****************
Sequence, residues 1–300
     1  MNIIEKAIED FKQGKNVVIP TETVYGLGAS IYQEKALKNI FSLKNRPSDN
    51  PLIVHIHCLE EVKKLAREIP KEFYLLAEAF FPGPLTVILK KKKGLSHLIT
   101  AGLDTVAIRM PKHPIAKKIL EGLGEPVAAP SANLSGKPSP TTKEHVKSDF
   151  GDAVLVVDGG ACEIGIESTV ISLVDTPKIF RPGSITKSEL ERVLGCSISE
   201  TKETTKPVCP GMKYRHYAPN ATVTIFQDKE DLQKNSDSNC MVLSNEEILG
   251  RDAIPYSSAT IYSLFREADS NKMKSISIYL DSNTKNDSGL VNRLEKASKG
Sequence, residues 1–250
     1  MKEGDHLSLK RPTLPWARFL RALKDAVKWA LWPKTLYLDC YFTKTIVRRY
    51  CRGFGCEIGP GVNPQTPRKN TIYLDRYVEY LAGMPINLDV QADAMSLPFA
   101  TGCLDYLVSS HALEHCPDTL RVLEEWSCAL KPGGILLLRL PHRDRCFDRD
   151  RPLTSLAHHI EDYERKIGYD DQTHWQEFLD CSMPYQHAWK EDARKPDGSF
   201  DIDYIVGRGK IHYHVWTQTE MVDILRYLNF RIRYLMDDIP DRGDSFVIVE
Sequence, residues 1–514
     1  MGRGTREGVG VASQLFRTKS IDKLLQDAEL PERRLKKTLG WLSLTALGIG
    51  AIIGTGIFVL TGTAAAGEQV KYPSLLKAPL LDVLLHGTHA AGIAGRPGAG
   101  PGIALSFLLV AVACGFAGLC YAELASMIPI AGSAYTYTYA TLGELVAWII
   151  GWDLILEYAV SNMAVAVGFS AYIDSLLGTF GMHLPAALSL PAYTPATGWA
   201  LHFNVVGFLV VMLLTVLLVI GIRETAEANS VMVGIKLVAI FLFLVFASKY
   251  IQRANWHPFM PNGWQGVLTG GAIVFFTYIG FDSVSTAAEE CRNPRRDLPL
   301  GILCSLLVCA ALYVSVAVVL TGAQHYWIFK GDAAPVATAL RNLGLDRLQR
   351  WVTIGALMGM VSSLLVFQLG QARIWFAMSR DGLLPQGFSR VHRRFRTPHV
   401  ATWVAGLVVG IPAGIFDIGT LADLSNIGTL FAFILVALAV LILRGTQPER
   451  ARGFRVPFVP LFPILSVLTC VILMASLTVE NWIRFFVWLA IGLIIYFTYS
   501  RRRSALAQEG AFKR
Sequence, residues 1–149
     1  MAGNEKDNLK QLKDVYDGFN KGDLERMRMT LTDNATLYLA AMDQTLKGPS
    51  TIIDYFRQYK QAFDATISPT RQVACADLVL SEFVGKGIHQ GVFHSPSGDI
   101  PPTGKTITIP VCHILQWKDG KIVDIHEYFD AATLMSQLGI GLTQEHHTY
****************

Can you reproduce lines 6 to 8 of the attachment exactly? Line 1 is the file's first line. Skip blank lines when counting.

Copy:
   201  TKETTKPVCP GMKYRHYAPN ATVTIFQDKE DLQKNSDSNC MVLSNEEILG
   251  RDAIPYSSAT IYSLFREADS NKMKSISIYL DSNTKNDSGL VNRLEKASKG
Sequence, residues 1–250